Any sort of subjective “top ten” list is prone to bias. I have played Magic for 14 years, and I have developed all sorts of crazy ideas. Additionally, every individual has their own unique and varied experience playing with particular cards, which certainly impacts their perception of these cards. The experience of playing with a particular and versus playing against a particular card is also interesting to think about.. I will not be focused on rating the cards in a specific order, as more important is the fact they are in the list, much like a decklist has no true order.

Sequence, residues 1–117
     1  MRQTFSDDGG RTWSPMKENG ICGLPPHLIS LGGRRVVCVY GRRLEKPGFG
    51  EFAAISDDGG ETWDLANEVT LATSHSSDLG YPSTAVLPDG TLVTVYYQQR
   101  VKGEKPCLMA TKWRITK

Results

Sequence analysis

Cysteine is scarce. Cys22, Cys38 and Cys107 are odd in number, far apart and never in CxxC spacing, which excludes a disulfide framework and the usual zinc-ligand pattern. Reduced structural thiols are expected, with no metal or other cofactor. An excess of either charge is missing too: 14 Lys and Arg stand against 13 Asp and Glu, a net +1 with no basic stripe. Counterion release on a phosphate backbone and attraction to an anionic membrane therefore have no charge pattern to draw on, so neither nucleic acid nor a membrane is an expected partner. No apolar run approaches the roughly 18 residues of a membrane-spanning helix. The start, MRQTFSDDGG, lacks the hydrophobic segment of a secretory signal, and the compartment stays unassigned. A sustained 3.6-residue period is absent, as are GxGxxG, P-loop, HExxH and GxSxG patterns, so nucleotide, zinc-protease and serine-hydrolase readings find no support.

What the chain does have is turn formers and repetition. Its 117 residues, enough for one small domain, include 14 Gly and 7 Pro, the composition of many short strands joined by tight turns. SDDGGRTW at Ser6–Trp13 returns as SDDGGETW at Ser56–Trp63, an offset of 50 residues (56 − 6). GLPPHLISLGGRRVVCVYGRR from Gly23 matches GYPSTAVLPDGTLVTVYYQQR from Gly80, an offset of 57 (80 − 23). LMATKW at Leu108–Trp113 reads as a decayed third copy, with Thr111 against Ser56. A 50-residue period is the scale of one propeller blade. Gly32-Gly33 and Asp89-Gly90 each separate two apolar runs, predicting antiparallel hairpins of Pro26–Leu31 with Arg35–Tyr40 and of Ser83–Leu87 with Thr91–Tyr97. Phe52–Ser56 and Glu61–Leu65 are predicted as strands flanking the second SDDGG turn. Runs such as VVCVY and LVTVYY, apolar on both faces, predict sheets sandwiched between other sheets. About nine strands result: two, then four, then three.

As a benchmark, and accordingly a way to remove some of my personal bias, I am using the TCGplayer.com Standard Hot 100 list. This is the list of the top non-land cards played in Standard decklist in the tcgplayer.com Standard deck database. Because the database is primarily composed of Top 8 tournament decks, the list should provide some insight into the winningest cards in the format. The list has its own bias, and the top cards are there because of how they interact with other cards, many of which will not be around in Theros, but the list still provides a great picture of the best cards in the format. I will only be looking at the Return to Ravnica block and M14 cards. Looking at the M13 and Innistrad block cards, the list seems to be pretty spot on. Thragtusk in the top spot followed by Huntmaster of the Fells and Bonfire of the Damned speaks to the state of the current Standard format. The next three, Boros Reckoner, Voice of Resurgence, and Thundermaw Hellkite, are similarly format defining. If those cards are the control group, then the list should be pretty accurate for helping my predictions.